Beginning in 1970, Copley started rendering items from old Sears, Roebuck & Co. catalogs in a loose, suggestive manner. Dubbed the Nouns, these everyday items were paired with geometric background patterns in a style similar to, or quietly critical of, Hard-edge and Op-style painting. Copley at once further developed this painterly language and consummated his interest in erotic subject matter with the X-Rated series, which he began two years later in 1972. Indebted to the adult magazines sold along 42nd street and Times Square, the works feature figures in various stages of sexual congress and are marked by bold contour lines and lyrical color palettes. Speaking of the X-Rated exhibition held at the New York Cultural Center in 1974, Copley remarked, “I am attempting to break through the barrier of pornography into the area of joy.” Works from the Nouns and X-Rated series are presented in dialogue in William N. Copley The New York Years.
New York also provided Copley an ideal setting for his non-painting activities. In 1967, Copley founded The Letter Edged In Black Press, Inc., which published the groundbreaking art periodical S.M.S. for six issues in 1968. S.M.S. featured facsimile multiples from an intergenerational group of artists, many of whom Copley met in New York and who would congregate at the artist’s publishing office on the Upper West Side. (Among the friends and contributors were Roy Lichtenstein, Bruce Nauman, Yoko Ono, Christo, Lee Lozano, John Cage, and Copley’s close friend and mentor Marcel Duchamp.) S.M.S. publications will be on view in the exhibition along with associated artworks and ephemera.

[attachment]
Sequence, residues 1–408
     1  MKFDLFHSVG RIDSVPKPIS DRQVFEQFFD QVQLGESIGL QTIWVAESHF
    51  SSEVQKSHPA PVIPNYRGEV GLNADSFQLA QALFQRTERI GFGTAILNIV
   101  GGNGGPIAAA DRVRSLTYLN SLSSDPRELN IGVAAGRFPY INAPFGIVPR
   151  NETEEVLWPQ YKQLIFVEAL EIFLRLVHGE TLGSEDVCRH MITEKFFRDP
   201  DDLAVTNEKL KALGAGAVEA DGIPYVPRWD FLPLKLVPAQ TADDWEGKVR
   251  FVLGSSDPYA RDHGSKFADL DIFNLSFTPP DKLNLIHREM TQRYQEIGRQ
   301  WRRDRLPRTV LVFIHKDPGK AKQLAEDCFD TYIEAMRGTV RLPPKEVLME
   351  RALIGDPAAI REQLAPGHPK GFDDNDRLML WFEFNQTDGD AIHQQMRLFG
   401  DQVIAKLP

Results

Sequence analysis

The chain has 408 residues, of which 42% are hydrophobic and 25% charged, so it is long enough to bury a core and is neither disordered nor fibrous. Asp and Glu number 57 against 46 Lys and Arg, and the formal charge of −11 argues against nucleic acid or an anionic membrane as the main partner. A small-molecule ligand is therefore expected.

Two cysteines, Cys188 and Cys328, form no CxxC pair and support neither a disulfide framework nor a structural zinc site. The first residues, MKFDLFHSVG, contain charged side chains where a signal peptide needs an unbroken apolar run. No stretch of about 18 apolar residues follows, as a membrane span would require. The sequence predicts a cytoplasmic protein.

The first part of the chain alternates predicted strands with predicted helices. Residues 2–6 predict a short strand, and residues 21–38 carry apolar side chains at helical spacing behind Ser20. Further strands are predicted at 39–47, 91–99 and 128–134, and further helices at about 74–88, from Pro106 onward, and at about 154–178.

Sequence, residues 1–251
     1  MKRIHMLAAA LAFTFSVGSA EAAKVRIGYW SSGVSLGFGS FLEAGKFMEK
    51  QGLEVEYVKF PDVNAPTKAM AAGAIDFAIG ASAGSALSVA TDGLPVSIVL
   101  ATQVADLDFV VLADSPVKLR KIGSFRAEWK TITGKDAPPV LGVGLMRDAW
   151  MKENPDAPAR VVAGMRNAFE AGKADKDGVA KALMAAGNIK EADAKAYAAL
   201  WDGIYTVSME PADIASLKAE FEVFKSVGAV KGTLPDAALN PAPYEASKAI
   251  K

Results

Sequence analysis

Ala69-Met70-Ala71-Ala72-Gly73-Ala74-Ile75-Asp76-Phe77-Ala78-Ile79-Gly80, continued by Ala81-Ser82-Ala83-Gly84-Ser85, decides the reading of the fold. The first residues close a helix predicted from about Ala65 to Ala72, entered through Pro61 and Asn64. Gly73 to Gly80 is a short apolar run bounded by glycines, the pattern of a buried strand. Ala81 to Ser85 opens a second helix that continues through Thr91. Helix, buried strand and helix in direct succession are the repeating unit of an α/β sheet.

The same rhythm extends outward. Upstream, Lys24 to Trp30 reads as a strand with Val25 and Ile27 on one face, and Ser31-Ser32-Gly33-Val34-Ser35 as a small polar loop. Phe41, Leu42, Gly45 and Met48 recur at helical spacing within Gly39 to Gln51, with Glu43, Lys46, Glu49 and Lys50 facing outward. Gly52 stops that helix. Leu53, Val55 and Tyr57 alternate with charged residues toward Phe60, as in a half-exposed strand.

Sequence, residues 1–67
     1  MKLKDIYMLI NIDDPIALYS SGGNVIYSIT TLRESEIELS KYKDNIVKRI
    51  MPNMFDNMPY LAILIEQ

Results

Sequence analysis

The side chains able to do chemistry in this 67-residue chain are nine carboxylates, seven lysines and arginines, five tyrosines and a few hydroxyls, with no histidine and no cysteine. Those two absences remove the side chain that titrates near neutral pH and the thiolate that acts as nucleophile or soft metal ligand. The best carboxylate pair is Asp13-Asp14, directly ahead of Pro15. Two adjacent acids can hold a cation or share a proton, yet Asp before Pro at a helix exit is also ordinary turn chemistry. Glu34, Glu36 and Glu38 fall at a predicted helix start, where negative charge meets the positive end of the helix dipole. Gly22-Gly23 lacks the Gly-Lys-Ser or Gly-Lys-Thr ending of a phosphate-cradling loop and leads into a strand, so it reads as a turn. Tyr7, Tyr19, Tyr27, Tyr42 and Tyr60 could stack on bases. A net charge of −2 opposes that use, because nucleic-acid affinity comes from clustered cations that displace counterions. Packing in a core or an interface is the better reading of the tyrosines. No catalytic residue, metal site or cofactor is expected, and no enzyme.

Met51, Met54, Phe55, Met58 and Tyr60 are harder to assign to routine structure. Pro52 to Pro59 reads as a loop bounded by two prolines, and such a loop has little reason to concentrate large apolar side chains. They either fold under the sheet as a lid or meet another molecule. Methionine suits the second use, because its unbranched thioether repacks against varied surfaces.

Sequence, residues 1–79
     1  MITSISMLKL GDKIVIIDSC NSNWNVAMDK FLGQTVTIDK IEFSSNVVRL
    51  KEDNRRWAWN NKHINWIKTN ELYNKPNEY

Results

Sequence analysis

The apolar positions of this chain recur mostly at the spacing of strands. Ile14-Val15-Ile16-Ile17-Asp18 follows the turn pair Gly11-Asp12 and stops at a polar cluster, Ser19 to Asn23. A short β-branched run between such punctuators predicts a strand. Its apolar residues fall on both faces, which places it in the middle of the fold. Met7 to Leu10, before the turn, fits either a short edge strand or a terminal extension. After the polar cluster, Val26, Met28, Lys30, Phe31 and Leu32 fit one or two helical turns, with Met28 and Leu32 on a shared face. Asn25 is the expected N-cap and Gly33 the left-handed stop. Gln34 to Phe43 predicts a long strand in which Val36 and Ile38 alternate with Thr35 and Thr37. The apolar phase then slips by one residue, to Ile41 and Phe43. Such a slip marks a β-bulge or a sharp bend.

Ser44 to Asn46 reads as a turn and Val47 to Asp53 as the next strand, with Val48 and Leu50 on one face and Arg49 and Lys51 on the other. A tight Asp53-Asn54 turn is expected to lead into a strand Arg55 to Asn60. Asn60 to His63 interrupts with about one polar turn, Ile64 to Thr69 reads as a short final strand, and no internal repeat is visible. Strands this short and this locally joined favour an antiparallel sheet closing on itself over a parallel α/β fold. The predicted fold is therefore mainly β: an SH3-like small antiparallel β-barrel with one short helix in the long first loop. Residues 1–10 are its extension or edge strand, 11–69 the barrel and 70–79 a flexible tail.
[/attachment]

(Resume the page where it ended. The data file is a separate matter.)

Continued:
In the 1980s, Copley began dividing time between New York and homes in Roxbury, Connecticut, and Key West, Florida. Though he began to withdraw from New York’s art world, he maintained a prolific focus on painting and his work grew in complexity and ambiguity. The late gallerist Phyllis Kind—known for her patronage of outsider art and directive support of the Chicago Imagists—became Copley’s primary New York dealer, staging five solo exhibitions at her Greene Street space in Soho between 1982 and 1991. Untitled (Apples & Oranges) (1986) dates from this period and is exemplary of Copley’s late style, employing multilayered compositions and collaged textiles such as lace fabric.
In addition to the key works on view, William N. Copley The New York Years will present a timeline of the artist’s numerous activities during his tenure in New York. Visitors will encounter an in-depth picture of his consequential return to the New York scene, where Copley forged his mature identity as an artist and painter.
William N. Copley, (1919–1996), known by his signature name CPLY, (pronounced ‘see-ply’), was a painter, writer, gallerist, art patron, publisher, and art entrepreneur. In his lifetime, Copley was the subject of multiple European retrospectives, including Stedlijk Museum (1966), Kunsthalle Bern (1980), and Kestner-Gessellschaft (1995). Recent major institutional exhibitions have been held at The Menil Collection, Houston, and Fondazione Prada, Italy. His work is held in private and public collections worldwide, such as the Museum of Modern Art, Whitney Museum of American Art, Stedelijk Museum and many more.